| Home | E-Submission | Sitemap | Contact Us |  
top_img
J Prev Med Public Health > Volume 53(2); 2020 > Article
Kotani: Transportation Issues in Rural Healthcare
Dear Editor,
We read with great interest the recently published paper by Choi et al. [1], which highlighted the inconvenience of transportation as a major barrier to the accessibility of healthcare for older people living in rural areas. Of note, the authors mentioned the need to consider public transportation to healthcare institutions in the Discussion section [1]. The authors also pointed out that the use of public transportation has received little attention in Korea relative to other countries, such as the United Kingdom [1]. This issue is very important for maintaining and improving the health and welfare of residents of rural communities worldwide [2]. We would like to add some comments on the current situation in Japan to contribute to further discussion of this topic.
The inclusion of public transportation in rural healthcare policies has not been thoroughly examined in Japan, similarly to the situation in Korea. In rural communities, buses are the means of public transportation most familiar to residents. A prime example is the community bus, which drops off riders at various clinics within the community and makes stops at hospitals (Figure 1). On-demand taxis and/or rideshare taxis are other means of transportation, although their use is often studied from a private rather than public perspective, and in urban areas rather than rural areas [3]. Rural governments should consider investing more resources into improving transportation services and systems. Simultaneously, at the level of the national government, collaborative action between the Ministry of Health, Labour and Welfare (which has jurisdiction over rural healthcare) and the Ministry of Land, Infrastructure and Transport (which has jurisdiction over transportation) is needed.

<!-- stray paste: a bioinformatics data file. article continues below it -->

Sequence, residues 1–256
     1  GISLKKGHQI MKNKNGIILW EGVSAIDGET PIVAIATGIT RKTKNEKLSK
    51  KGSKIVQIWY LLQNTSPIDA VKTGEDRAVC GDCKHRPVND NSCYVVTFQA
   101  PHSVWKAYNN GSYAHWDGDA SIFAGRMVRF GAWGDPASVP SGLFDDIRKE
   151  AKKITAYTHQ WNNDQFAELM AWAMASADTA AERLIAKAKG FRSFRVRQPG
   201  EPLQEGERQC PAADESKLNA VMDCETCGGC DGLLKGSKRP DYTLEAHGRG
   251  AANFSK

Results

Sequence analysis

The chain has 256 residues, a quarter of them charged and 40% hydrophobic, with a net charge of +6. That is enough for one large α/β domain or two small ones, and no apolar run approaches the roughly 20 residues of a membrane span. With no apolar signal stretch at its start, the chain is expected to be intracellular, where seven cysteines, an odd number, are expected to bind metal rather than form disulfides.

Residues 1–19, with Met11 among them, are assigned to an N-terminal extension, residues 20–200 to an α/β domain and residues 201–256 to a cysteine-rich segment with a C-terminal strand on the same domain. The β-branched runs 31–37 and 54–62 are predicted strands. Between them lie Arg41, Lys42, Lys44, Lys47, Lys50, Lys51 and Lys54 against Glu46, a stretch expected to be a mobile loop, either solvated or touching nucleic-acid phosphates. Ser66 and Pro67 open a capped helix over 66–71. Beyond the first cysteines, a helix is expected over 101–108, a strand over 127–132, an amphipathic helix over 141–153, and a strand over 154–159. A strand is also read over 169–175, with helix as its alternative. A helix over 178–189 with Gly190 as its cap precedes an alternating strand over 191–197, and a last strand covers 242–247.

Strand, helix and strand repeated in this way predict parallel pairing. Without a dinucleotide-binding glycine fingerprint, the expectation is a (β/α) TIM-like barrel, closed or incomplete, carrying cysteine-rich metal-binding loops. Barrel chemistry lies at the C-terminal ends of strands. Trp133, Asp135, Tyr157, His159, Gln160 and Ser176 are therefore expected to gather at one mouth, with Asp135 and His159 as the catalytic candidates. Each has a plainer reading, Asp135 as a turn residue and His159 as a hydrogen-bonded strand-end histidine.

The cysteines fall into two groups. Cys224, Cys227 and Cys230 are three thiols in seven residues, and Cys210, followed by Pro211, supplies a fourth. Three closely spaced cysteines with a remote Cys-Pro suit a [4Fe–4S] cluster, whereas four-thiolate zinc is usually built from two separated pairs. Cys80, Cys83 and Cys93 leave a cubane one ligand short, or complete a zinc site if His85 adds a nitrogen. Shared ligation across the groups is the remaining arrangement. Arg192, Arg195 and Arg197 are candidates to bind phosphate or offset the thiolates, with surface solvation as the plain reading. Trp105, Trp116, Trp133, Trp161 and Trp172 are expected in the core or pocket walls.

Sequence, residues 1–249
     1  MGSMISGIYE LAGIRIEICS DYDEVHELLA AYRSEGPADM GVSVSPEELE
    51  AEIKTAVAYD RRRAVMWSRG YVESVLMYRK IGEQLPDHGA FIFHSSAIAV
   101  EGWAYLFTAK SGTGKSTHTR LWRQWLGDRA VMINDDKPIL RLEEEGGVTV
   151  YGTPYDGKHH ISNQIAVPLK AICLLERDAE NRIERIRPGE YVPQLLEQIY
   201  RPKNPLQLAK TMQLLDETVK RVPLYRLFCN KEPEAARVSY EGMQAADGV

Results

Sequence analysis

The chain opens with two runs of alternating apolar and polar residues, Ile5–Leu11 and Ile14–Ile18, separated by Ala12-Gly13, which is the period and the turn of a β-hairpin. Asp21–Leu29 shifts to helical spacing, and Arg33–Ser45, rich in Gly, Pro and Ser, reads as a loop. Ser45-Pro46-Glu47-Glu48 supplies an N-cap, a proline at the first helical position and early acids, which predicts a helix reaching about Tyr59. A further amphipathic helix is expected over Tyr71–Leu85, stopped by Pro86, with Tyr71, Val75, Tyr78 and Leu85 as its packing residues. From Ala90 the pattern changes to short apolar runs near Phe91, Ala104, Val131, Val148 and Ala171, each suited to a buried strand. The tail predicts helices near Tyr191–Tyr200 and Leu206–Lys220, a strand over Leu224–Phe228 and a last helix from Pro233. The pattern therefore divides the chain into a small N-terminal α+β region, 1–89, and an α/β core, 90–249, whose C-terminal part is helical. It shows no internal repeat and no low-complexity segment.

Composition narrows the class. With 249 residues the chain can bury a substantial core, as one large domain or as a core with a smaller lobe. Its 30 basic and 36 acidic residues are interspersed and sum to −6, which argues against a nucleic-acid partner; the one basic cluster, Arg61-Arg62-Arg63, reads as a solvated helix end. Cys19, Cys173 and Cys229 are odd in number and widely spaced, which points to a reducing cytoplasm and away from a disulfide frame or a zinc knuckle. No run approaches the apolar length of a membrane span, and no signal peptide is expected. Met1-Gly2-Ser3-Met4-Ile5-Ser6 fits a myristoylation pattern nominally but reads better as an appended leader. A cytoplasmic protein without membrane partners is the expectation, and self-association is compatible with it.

Rural communities are rapidly aging, and aging-related declines in the physical and/or cognitive function of older rural residents have made it difficult for them to visit healthcare institutions and/or retain their driver’s licenses [4,5]. This matter therefore needs to be discussed urgently.

CONFLICT OF INTEREST

The author has no conflicts of interest associated with the material presented in this paper.

Figure. 1.
An image of a community bus.
jpmph-53-2-149f1.jpg

REFERENCES

1. Choi Y, Nam K, Kim CY. Association between convenience of transportation and unmet healthcare needs of rural elderly in Korea. J Prev Med Public Health 2019;52(6):355-365.
crossref pmid pmc pdf
2. Del Rio M, Hargrove WL, Tomaka J, Korc M. Transportation matters: a health impact assessment in rural New Mexico. Int J Environ Res Public Health 2017;14(6):E629.
crossref pmid
3. Santi P, Resta G, Szell M, Sobolevsky S, Strogatz SH, Ratti C. Quantifying the benefits of vehicle pooling with shareability networks. Proc Natl Acad Sci U S A 2014;111(37):13290-13294.
crossref pmid pmc
4. Anton SD, Woods AJ, Ashizawa T, Barb D, Buford TW, Carter CS, et al. Successful aging: advancing the science of physical independence in older adults. Ageing Res Rev 2015;24(Pt B):304327.
crossref
5. Ichikawa M, Inada H, Nakahara S. Increased traffic injuries among older unprotected road users following the introduction of an age-based cognitive test to the driver’s license renewal procedure in Japan. Accid Anal Prev 2020;136: 105440.
crossref
Editorial Office
103, Daehak-ro, Jongno-gu, Seoul 03080, Korea
Tel : +82-2-740-8328   Fax : +82-2-764-8328   E-mail: jpmph@prevmed.or.kr
About |  Browse Articles |  Current Issue |  For Authors and Reviewers
Copyright © 2022 by Korean Society for Preventive Medicine.                 Developed in M2PI